Loading

The sculpture The Bronze Age—first called “The Defeated,” in reference to France’s defeat in the Franco-Prussian War of 1870–71— was the first freestanding life-sized figure that Auguste Rodin publically displayed. Initially, it was denied recognition as a work of art, as people concluded from its naturalism that the sculpture was nothing more than a cast from nature. In the meantime—like Rodin’s bronzes Man with Broken Nose and Saint John the Baptist— the work is considered to be one of the Kunsthalle Bremen’s masterpieces. Both The Bronze Age and Saint John the Baptist break with the Neoclassical sculptural tradition, as they do not emphasize an ideal or tranquility, but rather expression and movement. When Gustav Pauli, the first, academic director of the Kunsthalle, purchased The Bronze Age from the artist in 1905, he wondered whether the figure represented an injured person or someone waking. Yet also in a traditional interpretation of the Bronze Age, which, as the third stage of human history, stands for injustice and war as well as for attaining consciousness, he did not find an answer. On February 4, 1906, however, Rodin ended the uncertainty in a letter carried to Pauli, reaching him via Rainer Maria Rilke: “Actually, it is rather the awakening, the slow return from a deep and heavy sleep, that is conjured up by the gesture of the young man still so preoccupied with his dreams.”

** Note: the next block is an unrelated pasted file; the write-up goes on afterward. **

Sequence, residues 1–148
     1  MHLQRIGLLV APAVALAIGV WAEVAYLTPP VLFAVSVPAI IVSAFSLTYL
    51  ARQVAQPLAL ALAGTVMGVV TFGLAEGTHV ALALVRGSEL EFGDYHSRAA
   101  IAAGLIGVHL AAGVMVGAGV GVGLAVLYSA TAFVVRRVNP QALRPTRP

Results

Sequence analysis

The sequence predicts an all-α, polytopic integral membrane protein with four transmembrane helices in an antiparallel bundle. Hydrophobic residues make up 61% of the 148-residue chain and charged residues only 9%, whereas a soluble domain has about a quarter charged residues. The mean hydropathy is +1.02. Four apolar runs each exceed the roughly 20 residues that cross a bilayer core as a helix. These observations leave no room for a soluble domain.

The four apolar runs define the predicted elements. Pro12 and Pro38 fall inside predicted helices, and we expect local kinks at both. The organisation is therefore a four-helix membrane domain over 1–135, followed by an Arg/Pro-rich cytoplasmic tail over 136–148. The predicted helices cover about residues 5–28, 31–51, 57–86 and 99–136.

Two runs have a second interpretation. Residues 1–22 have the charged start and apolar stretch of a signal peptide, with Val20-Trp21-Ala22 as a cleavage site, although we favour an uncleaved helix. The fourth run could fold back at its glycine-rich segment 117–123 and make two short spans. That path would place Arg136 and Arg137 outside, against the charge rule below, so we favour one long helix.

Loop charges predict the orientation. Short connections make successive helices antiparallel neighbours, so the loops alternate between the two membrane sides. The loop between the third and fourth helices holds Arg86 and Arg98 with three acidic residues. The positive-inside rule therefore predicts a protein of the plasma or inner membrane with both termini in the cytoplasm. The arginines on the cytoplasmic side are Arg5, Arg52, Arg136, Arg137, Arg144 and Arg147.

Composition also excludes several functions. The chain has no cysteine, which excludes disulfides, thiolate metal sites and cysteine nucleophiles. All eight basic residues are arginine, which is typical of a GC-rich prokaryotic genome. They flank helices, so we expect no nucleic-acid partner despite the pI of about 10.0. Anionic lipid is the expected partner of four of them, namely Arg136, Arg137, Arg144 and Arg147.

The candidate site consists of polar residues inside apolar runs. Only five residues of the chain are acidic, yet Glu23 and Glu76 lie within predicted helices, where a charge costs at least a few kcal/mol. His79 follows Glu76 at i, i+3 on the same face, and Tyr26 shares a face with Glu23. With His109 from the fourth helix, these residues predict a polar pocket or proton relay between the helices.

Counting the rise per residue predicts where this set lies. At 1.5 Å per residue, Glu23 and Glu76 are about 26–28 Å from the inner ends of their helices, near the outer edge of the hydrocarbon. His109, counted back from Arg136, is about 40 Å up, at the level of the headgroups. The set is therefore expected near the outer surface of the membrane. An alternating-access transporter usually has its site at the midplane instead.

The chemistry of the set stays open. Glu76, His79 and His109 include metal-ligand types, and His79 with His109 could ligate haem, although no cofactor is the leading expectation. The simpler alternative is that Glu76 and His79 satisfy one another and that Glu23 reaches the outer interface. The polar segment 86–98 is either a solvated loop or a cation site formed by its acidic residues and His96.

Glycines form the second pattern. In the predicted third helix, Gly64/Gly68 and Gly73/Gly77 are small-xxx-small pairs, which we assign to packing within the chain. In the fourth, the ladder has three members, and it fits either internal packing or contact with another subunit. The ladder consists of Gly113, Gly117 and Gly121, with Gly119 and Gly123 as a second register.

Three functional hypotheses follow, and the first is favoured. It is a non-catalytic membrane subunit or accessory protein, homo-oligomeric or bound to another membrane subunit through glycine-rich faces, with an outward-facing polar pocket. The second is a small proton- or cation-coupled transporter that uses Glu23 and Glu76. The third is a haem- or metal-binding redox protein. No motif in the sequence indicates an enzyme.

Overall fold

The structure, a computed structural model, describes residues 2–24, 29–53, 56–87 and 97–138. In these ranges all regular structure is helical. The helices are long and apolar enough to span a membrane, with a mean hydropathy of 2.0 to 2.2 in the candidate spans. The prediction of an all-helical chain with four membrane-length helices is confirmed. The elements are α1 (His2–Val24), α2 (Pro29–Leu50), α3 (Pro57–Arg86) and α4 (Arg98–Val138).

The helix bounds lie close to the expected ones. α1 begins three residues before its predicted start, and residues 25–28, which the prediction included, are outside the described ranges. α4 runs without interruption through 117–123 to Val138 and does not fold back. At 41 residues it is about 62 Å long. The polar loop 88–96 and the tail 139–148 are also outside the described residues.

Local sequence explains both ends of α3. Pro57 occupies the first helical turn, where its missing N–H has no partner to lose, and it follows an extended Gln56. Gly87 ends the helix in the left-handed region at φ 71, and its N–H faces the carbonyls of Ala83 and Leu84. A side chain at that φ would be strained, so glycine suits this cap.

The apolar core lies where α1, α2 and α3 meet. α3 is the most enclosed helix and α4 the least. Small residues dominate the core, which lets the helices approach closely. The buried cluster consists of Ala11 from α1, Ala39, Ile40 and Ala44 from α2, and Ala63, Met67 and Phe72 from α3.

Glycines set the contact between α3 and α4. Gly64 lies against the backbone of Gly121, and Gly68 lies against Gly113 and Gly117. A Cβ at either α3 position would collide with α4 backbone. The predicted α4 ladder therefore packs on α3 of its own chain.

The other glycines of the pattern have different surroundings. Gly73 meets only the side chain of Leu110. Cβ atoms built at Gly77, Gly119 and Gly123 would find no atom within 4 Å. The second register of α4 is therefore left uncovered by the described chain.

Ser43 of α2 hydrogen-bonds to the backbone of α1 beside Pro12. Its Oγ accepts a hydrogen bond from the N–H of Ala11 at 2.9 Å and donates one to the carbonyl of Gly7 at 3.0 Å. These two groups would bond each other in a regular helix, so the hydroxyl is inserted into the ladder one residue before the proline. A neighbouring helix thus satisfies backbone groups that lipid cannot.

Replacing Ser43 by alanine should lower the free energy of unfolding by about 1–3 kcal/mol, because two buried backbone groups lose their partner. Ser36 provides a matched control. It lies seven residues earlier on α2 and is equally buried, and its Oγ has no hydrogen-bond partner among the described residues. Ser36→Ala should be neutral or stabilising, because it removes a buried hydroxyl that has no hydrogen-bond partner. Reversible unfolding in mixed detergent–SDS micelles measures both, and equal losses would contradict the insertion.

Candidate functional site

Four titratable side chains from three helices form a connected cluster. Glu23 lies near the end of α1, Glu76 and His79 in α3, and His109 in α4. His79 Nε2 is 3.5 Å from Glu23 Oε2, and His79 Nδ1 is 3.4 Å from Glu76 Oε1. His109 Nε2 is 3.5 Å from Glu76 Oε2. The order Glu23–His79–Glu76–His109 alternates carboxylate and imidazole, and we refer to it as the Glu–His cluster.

Details

  • Title: Man with Broken Nose
  • Creator: Auguste Rodin
  • Date Created: 1863/64
  • Physical Dimensions: 25.5 x 19.5 x 21.5 cm
  • Type: sculpture
  • Rights: Kunsthalle Bremen - Der Kunstverein in Bremen
  • Medium: Bronze, with black patina

Get the app

Explore museums and play with Art Transfer, Pocket Galleries, Art Selfie, and more

Recommended

Google apps